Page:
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Why do this problem?

This problem could replace repetitive textbook work on calculating fractions of integers. It offers plenty of practice of these calculations while requiring students to come up with problem-solving strategies. It offers a good context for thinking about factors of numbers.

Possible approach

Introduce the first part of the problem to the class, and give them a little bit of time to work in pairs to solve it. All three parts of this problem can be displayed on these PowerPoint slides.

Once students have had a chance to work on the first challenge, share strategies and discuss any difficulties that arose.

The second task is much more demanding and interesting, requiring students to work quite systematically and record the steps they take clearly. Challenge students to find the solution and to convince themselves that there is no other way of ordering the fractions.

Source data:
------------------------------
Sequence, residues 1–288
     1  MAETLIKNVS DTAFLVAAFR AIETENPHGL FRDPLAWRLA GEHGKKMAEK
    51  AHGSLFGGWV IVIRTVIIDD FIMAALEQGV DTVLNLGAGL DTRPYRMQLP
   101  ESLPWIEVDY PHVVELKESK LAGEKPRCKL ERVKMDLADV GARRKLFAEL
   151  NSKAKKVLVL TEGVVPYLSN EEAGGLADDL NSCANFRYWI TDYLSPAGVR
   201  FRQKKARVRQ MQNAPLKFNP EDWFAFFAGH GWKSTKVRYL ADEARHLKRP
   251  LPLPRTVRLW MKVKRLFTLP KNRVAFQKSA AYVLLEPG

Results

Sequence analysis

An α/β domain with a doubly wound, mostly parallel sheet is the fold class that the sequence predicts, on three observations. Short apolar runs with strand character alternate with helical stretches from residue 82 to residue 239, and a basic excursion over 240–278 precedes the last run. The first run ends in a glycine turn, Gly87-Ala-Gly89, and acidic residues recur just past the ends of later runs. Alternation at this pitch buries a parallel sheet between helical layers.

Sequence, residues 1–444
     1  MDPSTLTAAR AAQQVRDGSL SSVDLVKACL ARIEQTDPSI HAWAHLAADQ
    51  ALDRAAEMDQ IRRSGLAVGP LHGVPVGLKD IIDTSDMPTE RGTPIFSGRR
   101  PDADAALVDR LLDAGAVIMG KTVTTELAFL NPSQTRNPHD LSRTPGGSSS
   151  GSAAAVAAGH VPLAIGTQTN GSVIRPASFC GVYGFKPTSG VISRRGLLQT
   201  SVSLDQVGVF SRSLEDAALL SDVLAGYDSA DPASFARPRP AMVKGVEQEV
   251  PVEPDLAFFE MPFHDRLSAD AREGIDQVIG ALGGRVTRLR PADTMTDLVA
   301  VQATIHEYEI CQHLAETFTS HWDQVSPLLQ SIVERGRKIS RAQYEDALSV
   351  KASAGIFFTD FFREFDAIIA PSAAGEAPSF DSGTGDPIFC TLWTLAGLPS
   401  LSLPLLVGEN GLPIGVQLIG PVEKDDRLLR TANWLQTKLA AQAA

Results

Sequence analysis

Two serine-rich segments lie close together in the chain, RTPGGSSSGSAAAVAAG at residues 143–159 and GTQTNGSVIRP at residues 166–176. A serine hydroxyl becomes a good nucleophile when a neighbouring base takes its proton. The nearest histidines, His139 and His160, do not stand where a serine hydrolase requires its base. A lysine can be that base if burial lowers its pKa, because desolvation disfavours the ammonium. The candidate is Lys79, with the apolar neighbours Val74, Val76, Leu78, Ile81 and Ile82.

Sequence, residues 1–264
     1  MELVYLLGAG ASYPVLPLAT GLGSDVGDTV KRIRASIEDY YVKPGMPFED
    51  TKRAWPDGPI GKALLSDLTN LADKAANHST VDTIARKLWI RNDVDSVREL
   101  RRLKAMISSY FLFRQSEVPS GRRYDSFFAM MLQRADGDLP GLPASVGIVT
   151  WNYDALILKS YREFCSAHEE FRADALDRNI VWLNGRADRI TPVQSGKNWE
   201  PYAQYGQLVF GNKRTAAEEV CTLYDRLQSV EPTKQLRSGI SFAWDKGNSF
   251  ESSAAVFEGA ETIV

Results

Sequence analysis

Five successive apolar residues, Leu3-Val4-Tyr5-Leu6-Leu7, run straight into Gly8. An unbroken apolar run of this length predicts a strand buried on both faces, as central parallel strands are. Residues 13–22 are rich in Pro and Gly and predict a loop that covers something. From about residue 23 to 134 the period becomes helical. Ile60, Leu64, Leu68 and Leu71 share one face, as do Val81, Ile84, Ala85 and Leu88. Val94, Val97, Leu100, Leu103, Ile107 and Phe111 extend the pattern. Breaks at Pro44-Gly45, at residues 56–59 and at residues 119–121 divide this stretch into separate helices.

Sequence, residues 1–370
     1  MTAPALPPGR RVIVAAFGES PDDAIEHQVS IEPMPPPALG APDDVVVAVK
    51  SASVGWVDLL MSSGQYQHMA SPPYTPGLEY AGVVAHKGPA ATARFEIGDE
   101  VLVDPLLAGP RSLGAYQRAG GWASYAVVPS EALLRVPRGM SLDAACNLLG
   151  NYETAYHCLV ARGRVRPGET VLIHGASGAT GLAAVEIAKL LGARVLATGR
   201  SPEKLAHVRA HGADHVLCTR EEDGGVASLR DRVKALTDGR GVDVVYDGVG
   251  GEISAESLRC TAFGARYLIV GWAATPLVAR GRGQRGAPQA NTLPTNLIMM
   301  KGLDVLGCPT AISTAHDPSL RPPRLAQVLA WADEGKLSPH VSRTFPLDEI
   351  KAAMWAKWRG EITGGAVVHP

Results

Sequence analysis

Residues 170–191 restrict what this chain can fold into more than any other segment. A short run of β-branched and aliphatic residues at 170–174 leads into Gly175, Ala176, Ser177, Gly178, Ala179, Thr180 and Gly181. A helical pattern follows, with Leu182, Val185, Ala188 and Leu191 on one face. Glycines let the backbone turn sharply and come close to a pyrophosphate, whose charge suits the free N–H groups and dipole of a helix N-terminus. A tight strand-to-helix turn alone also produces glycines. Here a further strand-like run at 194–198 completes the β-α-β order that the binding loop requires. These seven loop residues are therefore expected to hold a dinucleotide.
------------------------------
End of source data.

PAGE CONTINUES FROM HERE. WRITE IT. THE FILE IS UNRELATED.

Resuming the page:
Finally, the last challenge would work very well as a 'simmering activity' set for students to think about beyond a single lesson - perhaps this could be set as a homework. The best solution could be displayed on the classroom wall, and students could be challenged to improve on it.

Key questions

How will you record your work efficiently so that you can keep track of what is happening?

Possible extension

In part (iii) a solution can be found where the peaches last for more than a fortnight! Finding a solution of this magnitude should provide a suitable extension challenge.
Ben's Game and Fair Shares? are both good follow-up fractions problems.

Possible support

For part (ii), suggest to students who are struggling to record their thinking effectively that they could use a tree diagram: at each stage, branch off the fractions it would be possible to try next so that all possibilities are checked.